Thinking renewables for Summit |

Thinking renewables for Summit

The June 13 articles in the Summit Daily related to wind and renewable energy were very informative. Since I spent much of my career in the energy arena, and still do some consulting, I would like to make a few observations.

It is a laudable goal to use renewable energy and get our government to provide incentives to promote its use. However, we must be aware of the pros and cons of each form of energy and not blindly say everything about renewables is positive.

And in the interim, while I hope we are transitioning to a more secure and benign energy future for our grandchildren, we must continue to rely on fossil fuels and nuclear energy.

In the interim, we need to figure the best ways to conserve, keep the prices reasonable and avoid damaging the environment and the health and safety of our citizens. Here are some examples of why renewable energy may not be suitable in all situations:

Wind energy is free – kind of. First there are capital and operating costs that result in a cost to the economy (through government incentives plus the price we pay) that are currently greater than the cost of energy from fossil sources.

Unless there is continuity of government incentives to make up the economic shortfall, then projects fail. This happened in California, and nationally, a few years back after tax incentives were withdrawn from renewable sources.

Good ideas that are not economic do not often survive successive government administrations in our country unless there is a very strong constituency that continues to apply pressure year after year.

Next, there are land use issues that cannot be discounted. If you have ever traveled between Mohave and Bakersfield, Calif., you will have seen the hundreds and hundreds of wind machines on the hillsides. In Summit County, we have regulations that prohibit the use of towers or other structures greater than some 35-40 feet in height, and we constantly hear objections from the public about anything that rises above the top of hills or tree lines or obstructs the view of our mountain vistas.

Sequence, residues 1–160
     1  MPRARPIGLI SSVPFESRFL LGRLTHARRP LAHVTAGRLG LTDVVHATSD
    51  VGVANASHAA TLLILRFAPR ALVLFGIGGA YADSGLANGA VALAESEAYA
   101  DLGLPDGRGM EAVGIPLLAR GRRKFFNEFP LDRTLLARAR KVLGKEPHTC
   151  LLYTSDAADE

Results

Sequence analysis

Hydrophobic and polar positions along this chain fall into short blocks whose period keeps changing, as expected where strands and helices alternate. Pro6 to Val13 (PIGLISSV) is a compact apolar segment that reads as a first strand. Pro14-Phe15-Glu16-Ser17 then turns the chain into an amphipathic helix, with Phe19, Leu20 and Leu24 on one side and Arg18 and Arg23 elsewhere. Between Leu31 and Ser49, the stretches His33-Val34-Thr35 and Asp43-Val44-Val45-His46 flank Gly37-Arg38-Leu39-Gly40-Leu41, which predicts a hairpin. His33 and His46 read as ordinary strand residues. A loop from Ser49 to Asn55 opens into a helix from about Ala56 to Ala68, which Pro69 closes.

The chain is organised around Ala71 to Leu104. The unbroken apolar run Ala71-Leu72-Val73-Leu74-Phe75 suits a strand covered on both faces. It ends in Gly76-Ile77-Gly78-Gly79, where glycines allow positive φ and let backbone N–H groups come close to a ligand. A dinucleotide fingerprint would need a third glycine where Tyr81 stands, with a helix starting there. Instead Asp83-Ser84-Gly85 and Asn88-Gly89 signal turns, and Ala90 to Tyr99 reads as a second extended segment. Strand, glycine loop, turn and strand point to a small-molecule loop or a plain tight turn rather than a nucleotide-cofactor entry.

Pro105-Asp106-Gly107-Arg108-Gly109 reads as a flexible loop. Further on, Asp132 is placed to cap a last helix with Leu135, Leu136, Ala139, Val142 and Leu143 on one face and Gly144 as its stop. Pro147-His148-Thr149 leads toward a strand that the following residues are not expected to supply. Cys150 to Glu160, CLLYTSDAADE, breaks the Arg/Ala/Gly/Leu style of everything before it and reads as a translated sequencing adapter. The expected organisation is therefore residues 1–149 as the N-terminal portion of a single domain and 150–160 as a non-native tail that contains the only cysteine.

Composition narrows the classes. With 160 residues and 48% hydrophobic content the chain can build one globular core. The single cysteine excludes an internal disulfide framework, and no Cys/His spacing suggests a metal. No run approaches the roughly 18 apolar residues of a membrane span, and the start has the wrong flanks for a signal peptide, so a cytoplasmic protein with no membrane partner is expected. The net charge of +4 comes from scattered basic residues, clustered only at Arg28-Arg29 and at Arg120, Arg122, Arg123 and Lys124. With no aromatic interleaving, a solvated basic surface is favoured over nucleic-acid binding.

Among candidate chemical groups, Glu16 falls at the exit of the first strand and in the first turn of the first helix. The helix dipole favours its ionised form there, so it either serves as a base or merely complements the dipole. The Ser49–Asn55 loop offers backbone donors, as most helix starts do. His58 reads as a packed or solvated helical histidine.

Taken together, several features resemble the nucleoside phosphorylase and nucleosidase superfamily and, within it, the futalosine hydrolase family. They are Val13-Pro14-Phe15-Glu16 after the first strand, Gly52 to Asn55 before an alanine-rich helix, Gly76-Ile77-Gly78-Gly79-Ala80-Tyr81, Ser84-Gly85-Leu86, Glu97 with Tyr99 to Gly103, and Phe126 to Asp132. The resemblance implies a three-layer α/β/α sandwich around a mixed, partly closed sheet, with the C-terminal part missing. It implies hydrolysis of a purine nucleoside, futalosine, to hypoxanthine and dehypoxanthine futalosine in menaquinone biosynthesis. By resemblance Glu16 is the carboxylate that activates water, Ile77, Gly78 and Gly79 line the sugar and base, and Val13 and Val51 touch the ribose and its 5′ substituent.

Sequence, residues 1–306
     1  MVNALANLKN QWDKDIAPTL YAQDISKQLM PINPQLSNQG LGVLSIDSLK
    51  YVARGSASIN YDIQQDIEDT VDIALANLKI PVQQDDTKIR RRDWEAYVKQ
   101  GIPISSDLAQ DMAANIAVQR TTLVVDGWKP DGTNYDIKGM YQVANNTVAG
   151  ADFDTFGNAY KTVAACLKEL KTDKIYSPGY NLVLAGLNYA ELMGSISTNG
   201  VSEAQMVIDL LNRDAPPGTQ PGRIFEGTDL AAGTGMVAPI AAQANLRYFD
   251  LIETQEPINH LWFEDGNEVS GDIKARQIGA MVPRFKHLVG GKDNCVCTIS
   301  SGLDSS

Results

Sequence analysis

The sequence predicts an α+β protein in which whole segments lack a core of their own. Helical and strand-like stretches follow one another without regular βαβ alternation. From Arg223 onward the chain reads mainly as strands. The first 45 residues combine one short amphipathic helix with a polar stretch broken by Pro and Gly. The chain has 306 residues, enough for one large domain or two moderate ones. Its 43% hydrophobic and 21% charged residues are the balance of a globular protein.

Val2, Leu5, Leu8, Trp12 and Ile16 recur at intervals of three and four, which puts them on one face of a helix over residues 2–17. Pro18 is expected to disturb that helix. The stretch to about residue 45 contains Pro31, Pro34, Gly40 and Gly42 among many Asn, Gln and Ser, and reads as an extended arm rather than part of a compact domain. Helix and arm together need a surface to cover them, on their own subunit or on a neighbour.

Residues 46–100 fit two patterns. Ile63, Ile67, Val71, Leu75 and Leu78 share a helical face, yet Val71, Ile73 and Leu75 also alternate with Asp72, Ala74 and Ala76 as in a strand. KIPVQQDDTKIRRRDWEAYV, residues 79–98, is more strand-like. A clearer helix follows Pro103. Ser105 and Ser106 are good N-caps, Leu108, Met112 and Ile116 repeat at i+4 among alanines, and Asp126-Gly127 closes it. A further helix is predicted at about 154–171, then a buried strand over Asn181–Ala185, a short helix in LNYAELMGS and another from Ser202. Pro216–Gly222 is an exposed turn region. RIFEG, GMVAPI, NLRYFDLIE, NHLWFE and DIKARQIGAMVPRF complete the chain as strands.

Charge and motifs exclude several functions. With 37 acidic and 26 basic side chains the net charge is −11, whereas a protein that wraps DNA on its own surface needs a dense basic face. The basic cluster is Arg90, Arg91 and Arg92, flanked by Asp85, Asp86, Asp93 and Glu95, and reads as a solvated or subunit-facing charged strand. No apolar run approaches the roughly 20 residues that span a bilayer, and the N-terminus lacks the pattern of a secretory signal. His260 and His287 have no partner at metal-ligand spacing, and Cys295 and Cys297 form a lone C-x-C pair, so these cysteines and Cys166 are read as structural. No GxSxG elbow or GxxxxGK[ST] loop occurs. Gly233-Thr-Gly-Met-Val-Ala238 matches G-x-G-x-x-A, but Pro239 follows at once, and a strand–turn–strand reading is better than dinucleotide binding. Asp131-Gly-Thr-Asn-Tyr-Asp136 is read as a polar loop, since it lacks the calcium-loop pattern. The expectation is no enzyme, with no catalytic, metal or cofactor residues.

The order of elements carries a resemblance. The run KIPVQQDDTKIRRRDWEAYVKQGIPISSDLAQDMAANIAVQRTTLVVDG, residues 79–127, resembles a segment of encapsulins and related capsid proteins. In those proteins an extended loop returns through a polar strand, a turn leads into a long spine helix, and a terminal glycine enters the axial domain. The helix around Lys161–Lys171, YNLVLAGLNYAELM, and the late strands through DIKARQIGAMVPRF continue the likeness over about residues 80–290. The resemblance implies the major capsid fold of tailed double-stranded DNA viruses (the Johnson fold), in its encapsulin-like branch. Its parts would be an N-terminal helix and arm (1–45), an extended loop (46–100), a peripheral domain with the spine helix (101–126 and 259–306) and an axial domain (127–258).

Also, the noise is of a magnitude that you would not want a wind farm in your back yard. Being 11th in the nation for wind energy is really not very good. Where wind energy can be used most economically is where the wind blows more or less constantly.

I would think, but have not researched it, that Wyoming would be great for wind energy. In Wyoming, the locals say that the wind blows through Wyoming because Utah blows and Nebraska sucks.

The use of other forms of renewable energy are certainly more applicable to Summit County than large-scale wind farms, in my opinion.

In many ways renewables are like all other forms of energy. Their use must be tailored to the optimum use of the resource and its availability in a specific setting.

We do not use coal to directly power automobiles, but use it to generate electricity or produce liquid fuels (the latter in some parts of the world).

Likewise, using solar to generate electricity for your individual home is not currently economically attractive, but using it to supplement your hot water supply is. Burning farm products directly in our cars does not make sense, but producing alcohol from grain for use in motor fuels does, and it should continue to be supported.

Therefore, we need to use common sense in urging our government to take action to stimulate the use of renewables. The use of bio-fuels, local solar heating, local wind power and solar electrics for small remote installations and gas from refuse dumps comes to mind as suitable substitutes in our county for gasoline/diesel fuels, natural gas and fossil fuel produced electricity.

At the national level, research and the development of new technologies is needed to lead us away from the use of fossil and nuclear energy, and specifically, to eliminate our need to import so much petroleum from the Middle East.

Both government and industry need to be stimulated to perform this research based upon a sound and visionary national energy policy that does not exist today.

R. Glenn Vawter lives in Summit Cove. He is an engineer and management consultant. On occasion, he offers his thoughts to Summit Daily News readers.

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